We lost our Louisville home in the Marshall Fire, 12-30-2021
Since I couldn't sleep, I wrote down my thoughts about the experience. Perhaps others of you can relate...
It’s 3am, Saturday, and I’m wearing the same clothes I had on when I fled my Louisville home two days ago as flames and smoke bore down on us from the north, the west, and the south. I have little else to wear.
We moved into our Louisville neighborhood 30 years ago, into one of only four homes that existed in a rolling pastureland southeast of Boulder. Three of those homes are still occupied by original owners, all good friends of ours, now. Additional homes were built. New neighbors, new friends. As a tightly knit community, we’ve celebrated births, holidays, graduations, retirements, and weddings together. We’ve endured hail, floods, and two years of pandemic together. Now we’ve experienced fire together.
Tomorrow we will gather in our cul-de-sac and talk about our future together, or sadly, perhaps apart.
I’ve passed through a bewildering variety of states and experienced an entire spectrum of emotions in the last forty-eight hours: concern, disbelief, excitement, dawning awareness, panic, anticipation, fear, anger, loss, frustration, despair, and resolve.
I sit here, jerked awake at the witching hour by another moment of panic, still smelling of smoke. I realize I’m the proud owner of a square concrete hole in the ground filled with dust, ash, twisted metal, and memories.
Tears come. I remember:
We evacuate on Thursday afternoon to my daughter’s house in Denver. Our son is on the phone. My brother. We had all just Zoomed together on Christmas Day. We spend every waking moment texting and emailing, hungry for the newsfeed playing before us. Video from South Boulder Road, hillsides to the south of Superior, Avista hospital, and Harper Lake, a place I walk nearly every evening. A place I know intimately. What of the geese?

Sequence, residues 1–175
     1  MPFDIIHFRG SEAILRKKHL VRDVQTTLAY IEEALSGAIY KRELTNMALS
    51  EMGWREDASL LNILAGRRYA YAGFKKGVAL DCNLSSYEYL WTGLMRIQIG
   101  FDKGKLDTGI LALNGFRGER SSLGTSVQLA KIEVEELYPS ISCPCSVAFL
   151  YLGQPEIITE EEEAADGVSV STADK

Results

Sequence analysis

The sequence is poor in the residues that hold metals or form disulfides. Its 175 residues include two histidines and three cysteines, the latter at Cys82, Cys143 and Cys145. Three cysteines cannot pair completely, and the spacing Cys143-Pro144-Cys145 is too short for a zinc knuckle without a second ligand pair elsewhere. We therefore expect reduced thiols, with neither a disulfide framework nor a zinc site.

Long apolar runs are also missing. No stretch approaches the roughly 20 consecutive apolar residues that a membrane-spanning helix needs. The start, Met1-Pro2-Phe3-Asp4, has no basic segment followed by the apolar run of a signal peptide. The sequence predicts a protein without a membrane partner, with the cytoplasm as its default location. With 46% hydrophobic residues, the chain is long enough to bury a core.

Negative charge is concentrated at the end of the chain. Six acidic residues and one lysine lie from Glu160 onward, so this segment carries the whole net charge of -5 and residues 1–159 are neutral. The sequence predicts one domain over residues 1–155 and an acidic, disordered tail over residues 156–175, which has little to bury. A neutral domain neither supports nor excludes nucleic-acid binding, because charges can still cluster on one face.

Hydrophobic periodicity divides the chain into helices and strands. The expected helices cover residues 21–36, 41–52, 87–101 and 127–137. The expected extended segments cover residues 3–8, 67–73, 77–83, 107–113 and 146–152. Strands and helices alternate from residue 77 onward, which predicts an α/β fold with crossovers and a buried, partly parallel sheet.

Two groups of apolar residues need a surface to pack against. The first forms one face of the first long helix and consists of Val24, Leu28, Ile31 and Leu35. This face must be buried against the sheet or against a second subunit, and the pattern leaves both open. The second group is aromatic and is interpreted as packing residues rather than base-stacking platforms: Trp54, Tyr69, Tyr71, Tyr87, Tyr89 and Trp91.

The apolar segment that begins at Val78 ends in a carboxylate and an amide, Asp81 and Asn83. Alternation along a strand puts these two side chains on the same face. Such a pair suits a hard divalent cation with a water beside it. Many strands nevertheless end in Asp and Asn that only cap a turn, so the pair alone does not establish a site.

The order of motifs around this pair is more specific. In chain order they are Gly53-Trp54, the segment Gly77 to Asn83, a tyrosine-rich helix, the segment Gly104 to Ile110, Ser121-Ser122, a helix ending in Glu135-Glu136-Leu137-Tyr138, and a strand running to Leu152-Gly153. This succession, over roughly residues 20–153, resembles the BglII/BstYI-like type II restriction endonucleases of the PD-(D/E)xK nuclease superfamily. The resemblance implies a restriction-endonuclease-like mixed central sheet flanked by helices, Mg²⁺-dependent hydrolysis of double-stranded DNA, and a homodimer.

As awareness of the devastation begins to spread, so many friends, family members, and colleagues offer so much. I tell them, and I believe, that this is a liberating opportunity. A chance to revisit the many decisions and choices that brought me here. A chance to pick a new path. I ask myself how it can be an opportunity when it throws me to the ground and seems to offer no quarter. But it is.
As for that new path? Fewer things, I guess, as a start. Everything I own fits in my Subaru now. Every. Single. Thing.
Flashes of objects I should have grabbed in the mad rush haunt me: heirlooms, paintings, drawings, tools my dad crafted by hand. My guitar. Scribbles created by my young children. It hurts. Terribly.
Still, there are things we have done; things we have created, written, and sung; food we have cooked and shared; music we have performed. Our laughter. Our tears. Parts of us are out there in the world, parts of other persons’ lives now. Not burned away. There is solace in that.
Now, my wife Debbie and I need to find a place to stay while we figure out how, and what, to rebuild. A home better aligned to a 2022 version of us. Simpler. Smaller. Fewer stairs. Fewer bedrooms. More windows on the south side. A roof better angled for solar panels. More shop space. A deck outside where we can sit and chat with our neighbors and friends on a gorgeous Colorado day. Better fire-resistance.
We are tough, we Coloradans. We folk of Louisville. We neighbors of Larkspur Court. We do things and we care deeply: About each other. About our environment. About fairness and honesty.
We will get through this, each of us, good friends. But that doesn’t mean it won’t hurt. Please stay close.